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Types of Pink Flowers

By Elizabeth Balarini ; Updated September 21, 2017
Pink morning glory

Pink is a feminine color that is also refreshing and clean. In the plant world, pink flowers represent happiness, youth, innocence and gentility. A gift of a pink flower conveys friendship or innocent romantic interest. There are countless species of pink flowers in nature. Whether given as a gift or growing in a home garden, pink flowers are a refreshing sight to behold.

Morning Glory

Morning glory is a vining flowering plant native to Central America or Mexico. The delicate flowers are only 2 to 3 inches in diameter. The plants grow vines in excess of 12 feet long and do well trained up trellises. As the name implies, the sun-loving blooms open up when the sun rises each morning and snap shut at sunset.

Maiden Pink Dianthus

Maiden pink dianthus produces flowers that are smaller than an inch in diameter. The flowers grow wild, along road sides and in parks. The flowers bloom May through July. The stems of maiden pinks are long and slender, and the petals have a fine ring of darker pink in the center of the cone where they meet.

Rose

Pink rose

Pink roses are perhaps the most widely-recognize pink flower. Pink roses are prized for their simple beauty as well as their fragrance. Pink roses grow on thorned bushes. The buds and flowers are popular gifts for Valentine's Day and Mother's Day.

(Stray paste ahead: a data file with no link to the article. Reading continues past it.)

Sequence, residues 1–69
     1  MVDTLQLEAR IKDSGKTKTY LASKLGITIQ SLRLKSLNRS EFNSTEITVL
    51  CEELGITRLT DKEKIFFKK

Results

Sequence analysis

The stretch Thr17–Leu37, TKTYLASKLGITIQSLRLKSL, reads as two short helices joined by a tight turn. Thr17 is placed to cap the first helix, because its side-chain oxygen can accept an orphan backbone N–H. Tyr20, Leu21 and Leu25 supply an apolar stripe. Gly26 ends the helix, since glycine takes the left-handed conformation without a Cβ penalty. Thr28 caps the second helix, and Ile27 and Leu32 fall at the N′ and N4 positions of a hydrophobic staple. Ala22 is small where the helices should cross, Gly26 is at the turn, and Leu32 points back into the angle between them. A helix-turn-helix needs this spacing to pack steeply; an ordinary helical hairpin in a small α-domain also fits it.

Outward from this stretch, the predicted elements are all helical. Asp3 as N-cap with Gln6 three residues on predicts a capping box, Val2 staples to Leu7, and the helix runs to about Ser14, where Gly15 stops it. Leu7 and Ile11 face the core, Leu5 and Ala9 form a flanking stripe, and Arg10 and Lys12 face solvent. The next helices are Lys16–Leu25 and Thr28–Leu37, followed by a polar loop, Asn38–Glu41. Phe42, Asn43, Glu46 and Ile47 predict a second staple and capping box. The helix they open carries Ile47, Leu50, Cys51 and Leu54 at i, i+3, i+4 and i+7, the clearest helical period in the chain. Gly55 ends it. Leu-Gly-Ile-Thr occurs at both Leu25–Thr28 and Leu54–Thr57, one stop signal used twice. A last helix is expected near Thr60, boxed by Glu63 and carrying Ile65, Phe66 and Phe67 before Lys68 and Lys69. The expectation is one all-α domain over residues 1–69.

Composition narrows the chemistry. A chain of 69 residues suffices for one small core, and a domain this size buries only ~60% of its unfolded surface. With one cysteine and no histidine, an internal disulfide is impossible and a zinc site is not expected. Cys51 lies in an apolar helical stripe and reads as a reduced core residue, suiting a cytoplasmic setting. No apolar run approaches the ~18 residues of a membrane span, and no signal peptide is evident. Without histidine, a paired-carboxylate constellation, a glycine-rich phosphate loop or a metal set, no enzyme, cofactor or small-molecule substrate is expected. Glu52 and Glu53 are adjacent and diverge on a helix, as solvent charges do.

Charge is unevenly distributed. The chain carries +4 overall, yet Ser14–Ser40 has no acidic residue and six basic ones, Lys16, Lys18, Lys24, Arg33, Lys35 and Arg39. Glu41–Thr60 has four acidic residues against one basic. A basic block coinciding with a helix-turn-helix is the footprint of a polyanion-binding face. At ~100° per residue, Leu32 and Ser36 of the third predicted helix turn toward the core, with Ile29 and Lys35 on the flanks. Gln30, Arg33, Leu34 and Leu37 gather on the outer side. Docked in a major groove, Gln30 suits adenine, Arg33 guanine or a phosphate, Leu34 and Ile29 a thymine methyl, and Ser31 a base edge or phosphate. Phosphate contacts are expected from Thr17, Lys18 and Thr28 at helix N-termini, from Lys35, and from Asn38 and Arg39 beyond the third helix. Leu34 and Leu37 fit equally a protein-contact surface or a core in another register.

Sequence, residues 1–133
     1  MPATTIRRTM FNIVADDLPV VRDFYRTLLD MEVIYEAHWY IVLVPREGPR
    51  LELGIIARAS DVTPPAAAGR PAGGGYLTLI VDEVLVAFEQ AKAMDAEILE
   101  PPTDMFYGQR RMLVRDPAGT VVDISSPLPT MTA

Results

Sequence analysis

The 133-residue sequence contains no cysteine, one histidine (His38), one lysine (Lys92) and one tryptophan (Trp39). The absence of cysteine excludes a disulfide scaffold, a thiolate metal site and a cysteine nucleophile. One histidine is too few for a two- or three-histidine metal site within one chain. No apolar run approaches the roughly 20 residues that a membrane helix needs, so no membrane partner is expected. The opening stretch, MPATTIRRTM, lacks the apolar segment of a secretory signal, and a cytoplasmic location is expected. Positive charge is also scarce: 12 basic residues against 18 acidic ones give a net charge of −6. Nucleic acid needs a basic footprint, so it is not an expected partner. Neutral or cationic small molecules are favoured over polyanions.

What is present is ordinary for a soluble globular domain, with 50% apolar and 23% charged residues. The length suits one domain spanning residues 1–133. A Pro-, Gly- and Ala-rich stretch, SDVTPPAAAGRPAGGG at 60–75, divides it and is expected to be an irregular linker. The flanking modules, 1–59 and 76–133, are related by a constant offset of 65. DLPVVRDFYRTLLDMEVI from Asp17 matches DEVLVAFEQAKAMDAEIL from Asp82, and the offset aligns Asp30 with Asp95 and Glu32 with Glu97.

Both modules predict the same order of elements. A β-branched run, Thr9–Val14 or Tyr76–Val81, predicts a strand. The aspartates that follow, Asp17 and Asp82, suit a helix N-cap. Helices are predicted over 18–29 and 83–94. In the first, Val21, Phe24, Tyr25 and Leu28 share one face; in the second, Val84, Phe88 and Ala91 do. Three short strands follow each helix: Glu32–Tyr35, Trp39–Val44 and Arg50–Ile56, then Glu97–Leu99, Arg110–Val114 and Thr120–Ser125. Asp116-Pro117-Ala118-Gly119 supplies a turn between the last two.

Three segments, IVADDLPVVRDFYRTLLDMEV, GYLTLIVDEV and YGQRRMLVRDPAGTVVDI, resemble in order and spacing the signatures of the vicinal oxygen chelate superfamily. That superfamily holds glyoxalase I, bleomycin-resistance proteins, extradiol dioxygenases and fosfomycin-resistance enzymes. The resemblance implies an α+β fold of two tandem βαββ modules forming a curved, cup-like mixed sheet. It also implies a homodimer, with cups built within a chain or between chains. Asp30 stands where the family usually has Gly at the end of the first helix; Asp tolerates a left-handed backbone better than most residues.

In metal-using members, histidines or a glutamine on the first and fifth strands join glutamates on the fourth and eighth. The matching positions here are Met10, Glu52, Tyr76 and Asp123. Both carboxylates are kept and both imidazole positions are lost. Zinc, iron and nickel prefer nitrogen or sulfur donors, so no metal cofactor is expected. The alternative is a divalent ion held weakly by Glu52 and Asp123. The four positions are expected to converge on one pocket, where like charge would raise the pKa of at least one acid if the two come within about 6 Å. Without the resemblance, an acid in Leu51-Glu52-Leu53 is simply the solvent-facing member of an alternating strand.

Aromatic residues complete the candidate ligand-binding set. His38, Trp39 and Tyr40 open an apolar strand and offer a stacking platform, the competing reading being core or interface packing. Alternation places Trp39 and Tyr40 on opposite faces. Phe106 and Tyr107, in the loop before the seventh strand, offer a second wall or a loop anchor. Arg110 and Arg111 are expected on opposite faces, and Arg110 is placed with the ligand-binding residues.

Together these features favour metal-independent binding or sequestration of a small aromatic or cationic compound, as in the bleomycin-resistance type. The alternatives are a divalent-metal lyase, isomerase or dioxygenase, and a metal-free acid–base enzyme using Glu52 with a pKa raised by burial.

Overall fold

Zinnia

Pink zinnia

Zinnias are native to the Southwest United States, Mexico and Central America. The plants originally grew wild, but because of their beauty they are now commercially grown. There are 20 different species of zinnias, ranging in single-rowed petals to domed, concentric circles of petals.

Chrysanthemum "Clara Curtis"

Clara Curtis chrysanthemum

The Clara Curtis chrysanthemum is a strong, cold-hardy chrysanthemum that looks like a daisy. The petals are powder pink, and the center is a mound of bright yellow. These plants survive cold, harsh winters with their root systems live and intact. The plants grow 18 inches tall, and they spread quickly. The Clara Curtis is grown as a focal-point plant or a colorful ground cover.

 

About the Author

 

Elizabeth Balarini is a freelance writer and professional blogger who began writing professionally in 2006. Her work has been published on several websites. Her articles focus on where her passions lie: writing, web development, blogging, home and garden, and health and wellness. Balarini majored in English at the University of Texas at San Antonio.